Car tax changes: Drivers should not become ‘cash cows’ as Government lose revenue streams


Car tax updates could soon be introduced with the Transport Committee currently investigating the possibility of a pay per mile road pricing scheme. The proposals are being considered after the Treasury has warned of a £40billion black hole in public finances caused by the transition to electric cars.

As more drivers buy electric models there will be less money through traditional Vehicle Excise Duty (VED) and fuel duty charges.

However, motoring lawyer Nick Freeman has warned the government cannot look at the motorists to cover shortfalls in their revenue streams.

Speaking to, he said: “They’re about to lose a massive source of revenue and that revenue is not just used for roads and infrastructure.

“It’s used to compensate a whole host of other shortfalls. It’s now beginning to think, how are we going to fill this hole and they are coming up with all sorts of different schemes.

READ MORE: Car tax changes will be introduced in two UK cities

This would be introduced for the most polluting models from 2021 before a gradual tightening of the rules over the next decade.

The proposals would mean only electric vehicles were tax-free by 2030 as a way to further incentivise the sale of the models.

However, Mr Freeman has not backed the proposals highlighting there is a “clear conflict” with taxing drivers in the wake of the coronavirus pandemic.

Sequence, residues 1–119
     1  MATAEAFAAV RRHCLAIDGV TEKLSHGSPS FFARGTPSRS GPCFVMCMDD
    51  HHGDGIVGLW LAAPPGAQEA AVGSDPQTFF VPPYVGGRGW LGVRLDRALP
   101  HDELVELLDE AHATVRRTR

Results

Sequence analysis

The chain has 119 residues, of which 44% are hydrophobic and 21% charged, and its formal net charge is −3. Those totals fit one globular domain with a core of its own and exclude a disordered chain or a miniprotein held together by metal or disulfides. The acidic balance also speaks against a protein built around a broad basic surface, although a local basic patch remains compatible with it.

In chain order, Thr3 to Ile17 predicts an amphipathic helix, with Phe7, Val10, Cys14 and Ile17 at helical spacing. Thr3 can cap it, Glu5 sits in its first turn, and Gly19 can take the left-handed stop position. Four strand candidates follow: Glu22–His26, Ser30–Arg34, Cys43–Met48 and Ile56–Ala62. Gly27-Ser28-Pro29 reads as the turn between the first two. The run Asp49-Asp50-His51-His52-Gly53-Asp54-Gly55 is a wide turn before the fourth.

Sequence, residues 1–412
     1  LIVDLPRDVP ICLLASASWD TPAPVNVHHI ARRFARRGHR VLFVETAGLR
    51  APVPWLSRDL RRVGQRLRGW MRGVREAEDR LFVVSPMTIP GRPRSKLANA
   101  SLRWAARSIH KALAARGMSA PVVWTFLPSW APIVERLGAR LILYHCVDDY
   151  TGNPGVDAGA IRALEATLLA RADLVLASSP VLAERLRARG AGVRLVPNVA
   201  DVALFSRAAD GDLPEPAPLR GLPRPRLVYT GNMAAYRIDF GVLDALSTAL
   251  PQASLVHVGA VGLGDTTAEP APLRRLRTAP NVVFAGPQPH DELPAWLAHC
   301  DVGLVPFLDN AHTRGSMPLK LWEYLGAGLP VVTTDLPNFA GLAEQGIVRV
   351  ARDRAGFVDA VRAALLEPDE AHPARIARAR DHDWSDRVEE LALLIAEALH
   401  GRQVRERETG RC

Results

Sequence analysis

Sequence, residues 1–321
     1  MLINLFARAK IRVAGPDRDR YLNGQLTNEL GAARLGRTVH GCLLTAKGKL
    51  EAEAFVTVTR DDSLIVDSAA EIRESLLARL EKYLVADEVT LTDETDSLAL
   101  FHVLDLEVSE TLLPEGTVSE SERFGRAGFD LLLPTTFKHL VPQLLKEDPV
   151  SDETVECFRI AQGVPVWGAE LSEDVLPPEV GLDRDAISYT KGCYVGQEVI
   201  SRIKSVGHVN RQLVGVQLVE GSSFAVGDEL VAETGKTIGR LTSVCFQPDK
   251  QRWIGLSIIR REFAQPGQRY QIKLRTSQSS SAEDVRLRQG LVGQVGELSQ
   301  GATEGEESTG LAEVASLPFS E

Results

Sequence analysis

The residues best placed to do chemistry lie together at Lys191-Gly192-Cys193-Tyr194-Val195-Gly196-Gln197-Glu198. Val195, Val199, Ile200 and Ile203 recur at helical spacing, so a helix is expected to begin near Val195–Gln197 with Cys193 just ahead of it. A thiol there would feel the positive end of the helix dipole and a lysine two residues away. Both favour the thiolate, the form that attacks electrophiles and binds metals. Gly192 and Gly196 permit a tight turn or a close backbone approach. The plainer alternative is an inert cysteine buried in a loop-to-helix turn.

He told “We have to also bear in mind that as well as the unfairness of that we live in an age now where we have Covid with us.

“Our private cars, our private transport is a safe space. Whereas before there was a move to get people on public transport that is now the last place you want people; going on.

“People need to be encouraged to use their cars and stay safe and stay well and socially distance.

“There’s a clear conflict between raising the country’s finance and keeping the country safe. They fly in the face of each other.”

Instead, Mr Freeman has proposed drivers should be charged regardless of what vehicle they run on the roads.

He has called for a “uniform and fair” system and said the government should not be concerned about raising taxes for electric cars.

He told “In my view what the government now should be doing is saying we need a system which is uniform and fair

“That to me is I don’t care whether your car is hydrogen, combustion or electric whatever mileage you do, however you fill up there will be the same tax associated with your consumption.

“That’s how it should operate, they are thinking ‘well when we have electric cars what are we going to do’, well you’re going to have to tax electric cars aren’t you, of course, you are.”

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